In the eighth inning Wednesday, Gleyber Torres’ brain cramp contributed to the Yankees losing the lead.
In the ninth, his clutch single helped them go back ahead and ultimately leave Camden Yards with a 4-3 victory over the Orioles.
It was yet another interesting day in this bizarre season for the 24-year-old infielder.
Torres, pulled from Tuesday’s win because manager Aaron Boone was unhappy with his lack of hustle and concerned about his defensive shortcomings, may have swung and ran his way back into the Yankees’ good graces after another hiccup in the field.
After Luke Voit led off the ninth with a walk, Torres singled to center field off Orioles reliever Tyler Wells, then stole second as part of a double steal with Tyler Wade and scored the game-winning run on Brett Gardner’s bloop single.
“I think it was important, just a really tough at-bat he threw up there,” Boone said after the Yankees won their third straight game, on the heels of 12 losses in 15 games. “It’s a big spot there and I think he did a really good job within the at-bat. … He helped set us up big-time in that inning.”
An inning earlier, Torres had made a mental mistake. With the leadoff runner on base in the bottom of the eighth, Cedric Mullins hit a rocket toward Torres at second. Torres, moved from shortstop to second base on Monday as his defensive problems have worsened, fielded the ball after a brief bobble. But he immediately threw to first base instead of second, for what may have been a double play. Instead of two outs, the Yankees only got one. And with two outs, Austin Hays took Chad Green deep for a go-ahead, two-run homer.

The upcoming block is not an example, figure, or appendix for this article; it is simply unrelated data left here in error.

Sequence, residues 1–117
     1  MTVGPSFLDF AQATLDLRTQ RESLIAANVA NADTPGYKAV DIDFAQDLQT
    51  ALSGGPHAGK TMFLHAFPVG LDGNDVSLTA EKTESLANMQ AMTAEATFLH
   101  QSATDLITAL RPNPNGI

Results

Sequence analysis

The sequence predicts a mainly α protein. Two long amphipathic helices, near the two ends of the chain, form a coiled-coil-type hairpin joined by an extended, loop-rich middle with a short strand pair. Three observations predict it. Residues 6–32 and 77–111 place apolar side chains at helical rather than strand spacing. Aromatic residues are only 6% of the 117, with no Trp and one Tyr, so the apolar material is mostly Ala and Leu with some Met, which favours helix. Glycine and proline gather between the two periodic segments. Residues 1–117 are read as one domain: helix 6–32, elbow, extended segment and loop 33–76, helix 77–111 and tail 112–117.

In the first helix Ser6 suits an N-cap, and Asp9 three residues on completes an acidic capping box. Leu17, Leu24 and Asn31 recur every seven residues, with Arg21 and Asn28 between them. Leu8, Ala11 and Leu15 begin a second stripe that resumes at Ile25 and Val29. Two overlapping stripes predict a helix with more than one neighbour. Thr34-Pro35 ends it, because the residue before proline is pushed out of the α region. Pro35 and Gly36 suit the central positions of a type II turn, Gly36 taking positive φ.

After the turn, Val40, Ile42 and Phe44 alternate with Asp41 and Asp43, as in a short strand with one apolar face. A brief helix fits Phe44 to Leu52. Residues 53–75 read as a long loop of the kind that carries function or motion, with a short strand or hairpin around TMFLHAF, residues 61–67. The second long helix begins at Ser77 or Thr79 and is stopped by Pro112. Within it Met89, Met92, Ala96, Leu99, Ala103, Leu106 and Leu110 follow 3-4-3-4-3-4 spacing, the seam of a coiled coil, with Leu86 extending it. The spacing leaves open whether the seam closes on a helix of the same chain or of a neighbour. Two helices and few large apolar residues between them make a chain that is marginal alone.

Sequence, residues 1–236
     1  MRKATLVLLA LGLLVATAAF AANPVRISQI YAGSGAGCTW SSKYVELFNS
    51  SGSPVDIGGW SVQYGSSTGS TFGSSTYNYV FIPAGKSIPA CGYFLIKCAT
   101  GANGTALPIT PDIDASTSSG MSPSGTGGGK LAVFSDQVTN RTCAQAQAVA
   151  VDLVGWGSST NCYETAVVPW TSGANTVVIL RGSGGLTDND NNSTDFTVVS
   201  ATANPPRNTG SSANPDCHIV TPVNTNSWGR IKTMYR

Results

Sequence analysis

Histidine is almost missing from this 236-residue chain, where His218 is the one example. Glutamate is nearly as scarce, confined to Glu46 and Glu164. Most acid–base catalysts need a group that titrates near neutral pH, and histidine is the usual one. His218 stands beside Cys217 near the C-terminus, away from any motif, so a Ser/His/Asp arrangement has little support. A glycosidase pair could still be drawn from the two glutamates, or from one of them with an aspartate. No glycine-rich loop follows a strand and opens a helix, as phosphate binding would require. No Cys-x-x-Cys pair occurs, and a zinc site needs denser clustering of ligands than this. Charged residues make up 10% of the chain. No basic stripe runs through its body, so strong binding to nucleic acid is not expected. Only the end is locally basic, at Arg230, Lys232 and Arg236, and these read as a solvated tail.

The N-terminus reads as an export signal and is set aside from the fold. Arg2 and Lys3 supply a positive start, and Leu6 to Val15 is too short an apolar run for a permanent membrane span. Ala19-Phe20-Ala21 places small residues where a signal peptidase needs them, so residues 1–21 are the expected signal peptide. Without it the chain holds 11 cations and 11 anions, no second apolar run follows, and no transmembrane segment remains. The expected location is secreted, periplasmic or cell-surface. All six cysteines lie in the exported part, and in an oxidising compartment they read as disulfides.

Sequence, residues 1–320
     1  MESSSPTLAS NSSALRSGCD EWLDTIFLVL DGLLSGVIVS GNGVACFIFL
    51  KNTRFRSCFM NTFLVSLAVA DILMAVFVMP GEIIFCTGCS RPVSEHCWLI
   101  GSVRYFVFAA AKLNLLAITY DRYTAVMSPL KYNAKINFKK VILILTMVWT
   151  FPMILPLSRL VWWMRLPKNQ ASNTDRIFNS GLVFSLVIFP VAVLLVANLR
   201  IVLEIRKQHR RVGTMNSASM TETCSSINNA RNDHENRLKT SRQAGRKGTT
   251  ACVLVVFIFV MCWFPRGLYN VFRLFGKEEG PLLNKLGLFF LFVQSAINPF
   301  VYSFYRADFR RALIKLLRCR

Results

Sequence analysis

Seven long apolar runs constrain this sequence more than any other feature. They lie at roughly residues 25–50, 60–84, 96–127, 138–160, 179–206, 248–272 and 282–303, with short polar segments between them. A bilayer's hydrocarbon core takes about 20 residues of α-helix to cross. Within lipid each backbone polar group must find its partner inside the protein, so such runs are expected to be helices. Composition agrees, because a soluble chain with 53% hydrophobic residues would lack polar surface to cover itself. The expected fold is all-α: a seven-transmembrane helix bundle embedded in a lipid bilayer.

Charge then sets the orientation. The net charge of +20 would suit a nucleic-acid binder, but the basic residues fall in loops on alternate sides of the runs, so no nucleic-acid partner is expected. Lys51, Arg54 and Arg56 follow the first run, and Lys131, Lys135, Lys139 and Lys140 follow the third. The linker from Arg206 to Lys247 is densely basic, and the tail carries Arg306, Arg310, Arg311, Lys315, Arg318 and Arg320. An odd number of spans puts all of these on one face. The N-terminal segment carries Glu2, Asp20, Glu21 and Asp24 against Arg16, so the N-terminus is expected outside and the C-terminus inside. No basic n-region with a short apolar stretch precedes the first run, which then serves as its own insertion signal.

“Initially, [Austin] Wynns kind of freezing on him a little bit just threw him off,” Boone said, referring to the Orioles’ catcher who was the runner at first. “Obviously it was a play he should’ve ended up going to second. He had the time, but ended up taking the out at first.”
Before the game, Boone addressed pulling Torres in Tuesday’s eighth inning. He said it wasn’t only about his defense, but his failure to run out a ground ball. The two spoke about the play that irked the manager.
“I talked to him after the game [Tuesday] night and we’ll kind of leave it at that,” Boone said. “It’s not something that I’m planning on doing necessarily. There were things that came up in the game [Tuesday] night, that I felt it was necessary to get him out of there [that] night.”
When asked if it bothered him that Torres didn’t bust it down the line after grounding out, Boone said: “A little bit, yeah.”
This has mostly been a lost season for the young infielder, who has battled injuries, a false-positive COVID-19 test that sidelined him and struggles both in the field and at the plate. As recently as 2019, Torres hit 38 homers, drove in 90 runs and posted a strong .871 OPS. This year, he has an anemic .253/.324/.350 slash line with a .674 OPS and just seven home runs in 397 at-bats. He also has committed a career-worst 19 errors.
But on Wednesday, Torres helped the Yankees win an important game — even if he was partly responsible for them falling behind in the first place.